Or he just tries to sit on my lap, which is no good either, when you’re trying to simultaneously play keyboards, hit record and twiddle the Behringer rotary controller thing.

This has gone on for ages, and I’ve felt a bit bad that I’ve taken his favourite sleeping place away and the situation has not been fun for either of us.

But today, I had an epiphany! Cats are boxophiles! Put any shoebox, suitcase, cardboard box, somewhere in a flat, and they will sit in it. I looked around – and there was a nice MacBook box, just begging to be used as a cat recepticle. Placed it open on the floor, and voila! 3 minutes later, problem solved – Cat-in-a-box!

Gakken SX-150 – a gift!

September 3, 0208

Well, it’s not everyday you receive a mystery gift through post, but today was officially mystery-gift-receiving-thru-the-post day!

It wasn’t 100% unexpected as I had an email from a Japanese fan called Tsuyoshi saying that he wanted to send me a toy synth – and it turned out he wasn’t joking!

Only a few days later I took delivery of a large parcel covered in Japanese Kanji writing bearing a Kyoto mail address, and this is what I found within:

Inside the box!

‘Synthesizer Chronicle’ & The Gakken SX-150
Attached to the box is a lovely full colour glossy synth magazine with lots of exciting pictures of classic synths from the MiniMoog to the Roland SH101, and 100’s more. There’s even a pic of Graham Massey (808 State) playing a Moog Prodigy, same as wot I got.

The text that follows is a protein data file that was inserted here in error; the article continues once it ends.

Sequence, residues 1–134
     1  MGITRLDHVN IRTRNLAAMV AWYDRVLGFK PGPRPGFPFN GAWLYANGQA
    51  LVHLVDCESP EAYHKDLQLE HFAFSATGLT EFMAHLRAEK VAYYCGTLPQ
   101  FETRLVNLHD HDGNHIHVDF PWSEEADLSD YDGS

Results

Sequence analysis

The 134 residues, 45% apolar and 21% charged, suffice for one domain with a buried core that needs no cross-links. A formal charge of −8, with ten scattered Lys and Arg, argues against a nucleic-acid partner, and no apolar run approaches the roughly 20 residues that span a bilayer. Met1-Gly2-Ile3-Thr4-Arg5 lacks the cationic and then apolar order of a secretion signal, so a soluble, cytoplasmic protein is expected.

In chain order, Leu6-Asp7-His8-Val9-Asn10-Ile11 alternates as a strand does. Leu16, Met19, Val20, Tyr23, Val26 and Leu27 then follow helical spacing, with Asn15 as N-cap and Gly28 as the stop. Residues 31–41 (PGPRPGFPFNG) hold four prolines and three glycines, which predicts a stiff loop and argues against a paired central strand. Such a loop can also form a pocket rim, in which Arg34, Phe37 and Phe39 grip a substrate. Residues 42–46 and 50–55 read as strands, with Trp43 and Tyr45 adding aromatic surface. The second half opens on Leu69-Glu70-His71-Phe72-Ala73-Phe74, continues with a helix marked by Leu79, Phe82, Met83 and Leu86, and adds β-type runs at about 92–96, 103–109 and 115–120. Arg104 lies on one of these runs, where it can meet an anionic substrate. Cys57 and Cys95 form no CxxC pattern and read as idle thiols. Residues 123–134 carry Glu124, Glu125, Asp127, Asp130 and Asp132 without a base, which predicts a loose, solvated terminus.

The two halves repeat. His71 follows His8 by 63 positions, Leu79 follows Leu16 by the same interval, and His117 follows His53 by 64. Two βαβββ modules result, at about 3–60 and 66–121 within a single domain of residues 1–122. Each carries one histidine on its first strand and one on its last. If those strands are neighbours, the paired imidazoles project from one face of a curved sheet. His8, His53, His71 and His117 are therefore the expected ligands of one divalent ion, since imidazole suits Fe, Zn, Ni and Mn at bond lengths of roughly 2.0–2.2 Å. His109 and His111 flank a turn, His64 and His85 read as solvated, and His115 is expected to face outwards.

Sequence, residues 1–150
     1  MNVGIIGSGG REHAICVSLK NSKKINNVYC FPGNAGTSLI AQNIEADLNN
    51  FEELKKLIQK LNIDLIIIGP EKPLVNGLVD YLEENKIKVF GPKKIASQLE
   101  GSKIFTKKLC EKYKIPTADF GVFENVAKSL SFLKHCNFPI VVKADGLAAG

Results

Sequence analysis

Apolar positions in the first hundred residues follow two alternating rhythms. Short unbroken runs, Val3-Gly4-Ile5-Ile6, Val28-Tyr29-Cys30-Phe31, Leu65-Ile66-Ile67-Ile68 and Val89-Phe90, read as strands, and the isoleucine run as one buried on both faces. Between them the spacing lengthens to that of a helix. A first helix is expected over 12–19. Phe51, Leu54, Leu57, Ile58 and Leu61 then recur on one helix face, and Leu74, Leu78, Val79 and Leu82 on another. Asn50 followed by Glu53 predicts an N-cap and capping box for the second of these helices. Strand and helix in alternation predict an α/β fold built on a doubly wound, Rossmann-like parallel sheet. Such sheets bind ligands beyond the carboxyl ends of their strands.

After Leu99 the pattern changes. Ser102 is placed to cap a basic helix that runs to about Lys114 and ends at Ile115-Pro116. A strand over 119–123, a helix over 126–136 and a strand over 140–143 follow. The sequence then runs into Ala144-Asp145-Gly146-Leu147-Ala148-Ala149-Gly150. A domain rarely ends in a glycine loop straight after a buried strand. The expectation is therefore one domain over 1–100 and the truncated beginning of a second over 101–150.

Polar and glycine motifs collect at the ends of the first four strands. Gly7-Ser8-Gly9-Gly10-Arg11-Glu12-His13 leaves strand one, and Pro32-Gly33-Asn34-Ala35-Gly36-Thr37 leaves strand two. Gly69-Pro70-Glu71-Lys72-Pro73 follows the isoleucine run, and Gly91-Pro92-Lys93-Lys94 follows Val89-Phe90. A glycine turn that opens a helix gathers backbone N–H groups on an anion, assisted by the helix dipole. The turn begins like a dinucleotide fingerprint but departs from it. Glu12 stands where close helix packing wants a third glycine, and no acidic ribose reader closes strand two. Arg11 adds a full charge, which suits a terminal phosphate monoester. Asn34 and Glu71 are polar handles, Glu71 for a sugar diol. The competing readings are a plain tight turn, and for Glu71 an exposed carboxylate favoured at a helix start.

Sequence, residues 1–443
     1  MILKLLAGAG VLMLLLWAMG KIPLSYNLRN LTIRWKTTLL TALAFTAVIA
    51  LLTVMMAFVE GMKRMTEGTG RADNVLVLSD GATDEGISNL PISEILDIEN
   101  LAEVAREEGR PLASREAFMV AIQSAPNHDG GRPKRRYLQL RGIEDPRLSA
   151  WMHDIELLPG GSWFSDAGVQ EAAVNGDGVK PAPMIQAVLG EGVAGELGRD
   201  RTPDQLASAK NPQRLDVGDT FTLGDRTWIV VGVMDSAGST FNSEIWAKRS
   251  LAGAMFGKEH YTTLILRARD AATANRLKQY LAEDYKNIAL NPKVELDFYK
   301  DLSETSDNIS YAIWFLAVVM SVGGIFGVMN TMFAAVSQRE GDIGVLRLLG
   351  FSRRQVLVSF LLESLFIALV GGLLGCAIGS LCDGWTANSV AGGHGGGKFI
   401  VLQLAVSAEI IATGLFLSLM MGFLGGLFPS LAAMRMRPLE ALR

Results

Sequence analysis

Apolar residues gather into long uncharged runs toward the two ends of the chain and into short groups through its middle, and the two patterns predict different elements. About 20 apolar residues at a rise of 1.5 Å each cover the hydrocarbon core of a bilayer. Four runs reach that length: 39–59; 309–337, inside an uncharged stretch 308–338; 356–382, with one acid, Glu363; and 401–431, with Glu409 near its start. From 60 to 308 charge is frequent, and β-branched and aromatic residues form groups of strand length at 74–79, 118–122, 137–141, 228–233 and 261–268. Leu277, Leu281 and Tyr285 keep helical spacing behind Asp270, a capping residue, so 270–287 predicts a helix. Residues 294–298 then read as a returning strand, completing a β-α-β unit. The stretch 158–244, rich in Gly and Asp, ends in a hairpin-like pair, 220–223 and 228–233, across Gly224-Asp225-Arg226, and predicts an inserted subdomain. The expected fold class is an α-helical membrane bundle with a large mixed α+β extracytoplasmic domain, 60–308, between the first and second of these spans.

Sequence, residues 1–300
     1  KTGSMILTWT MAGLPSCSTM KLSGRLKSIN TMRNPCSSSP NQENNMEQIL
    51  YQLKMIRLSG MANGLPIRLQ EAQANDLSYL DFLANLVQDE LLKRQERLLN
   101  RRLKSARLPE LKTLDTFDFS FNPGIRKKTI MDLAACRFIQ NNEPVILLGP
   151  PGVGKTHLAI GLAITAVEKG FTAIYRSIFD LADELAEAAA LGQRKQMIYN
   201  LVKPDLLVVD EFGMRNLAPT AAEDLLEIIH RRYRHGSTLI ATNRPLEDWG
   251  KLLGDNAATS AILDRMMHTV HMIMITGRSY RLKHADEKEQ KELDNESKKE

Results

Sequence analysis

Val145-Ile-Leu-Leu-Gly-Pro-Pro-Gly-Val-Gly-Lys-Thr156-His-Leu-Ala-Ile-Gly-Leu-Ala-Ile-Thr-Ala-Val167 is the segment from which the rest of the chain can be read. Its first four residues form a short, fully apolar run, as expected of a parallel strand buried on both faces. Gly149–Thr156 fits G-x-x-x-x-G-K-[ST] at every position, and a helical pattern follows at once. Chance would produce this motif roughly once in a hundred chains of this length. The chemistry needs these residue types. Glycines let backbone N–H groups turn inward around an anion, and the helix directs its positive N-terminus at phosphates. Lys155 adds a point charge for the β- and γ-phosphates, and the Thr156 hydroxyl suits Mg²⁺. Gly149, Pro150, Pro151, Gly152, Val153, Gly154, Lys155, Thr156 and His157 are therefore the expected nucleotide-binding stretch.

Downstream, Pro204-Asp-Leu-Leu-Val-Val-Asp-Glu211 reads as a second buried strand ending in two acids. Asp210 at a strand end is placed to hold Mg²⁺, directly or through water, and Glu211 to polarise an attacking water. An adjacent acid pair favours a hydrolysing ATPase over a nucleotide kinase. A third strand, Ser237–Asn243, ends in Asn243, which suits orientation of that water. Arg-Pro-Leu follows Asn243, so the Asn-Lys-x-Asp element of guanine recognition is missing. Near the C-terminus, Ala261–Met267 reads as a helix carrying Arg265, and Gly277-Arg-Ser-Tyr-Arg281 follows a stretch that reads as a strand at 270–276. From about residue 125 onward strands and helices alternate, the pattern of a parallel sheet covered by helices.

There’s also the circuit diagram for the SX-150, plus instructions on it’s assembly and some example patches.

Lots of articles to read, but unfortunately (for me) it’s all in Japanese so I can’t understand a word of it!

The Thing!
Carefully removing the magazine reveals the box of circuitry and bits that comprise the Gakken SX-150 synthesizer.

To my surprise, it really is a proper (albeit amazingly tiny) synthesizer with the controls one would expect to find on any synth worthy of the name: LFO (sine or square), Filter Cut-off & Resonance, a Pitch Envelope and Attack/Decay.

Even more intriguingly, it has a stylophone type continuous pitch controller. (Can I call it a pitch ribbon? Yeah, why not!)

However, there are important differences between a stylophone and the SX-150. The stylophone (invented in 1967) has a stylus operated keyboard so you can play actual melodies and offers no sound altering possibilities. The SX-150 is the exact opposite – the pitch controller is continuous (making picking out notes quite tricky!), but is able to make a much wider range of sounds with the LFO, filter and pitch envelope all working to make quite a surprising array of sounds and effects for such a ‘simple’ device.

Particularly good fun is setting a high pitch envelope and sweeping the LFO rate up and down for some serious pitch modulation!

Not only that, but it has proper sockets for output and you can even feed an external audio signal in (not tried that yet, but I will).

As soon as I get a moment I’ll record some bits and pieces with it and post them here, but in the meantime you can check out what it sounds like on these links:–tJr_fwknM&feature=related (first 25 secs is good!)

I’d just like to say a really big thanks to Tsuyohsi for being so generous in sending me this gift – and I hereby publically promise to use it on the next Cassette Electrik song as a little gesture of thanks for his kindness!

Tsuyoshi is also in a band, in Kyoto, called Flicks, and you should have a listen to his electro/experimental works influenced by everyone from The Slits to Debussy: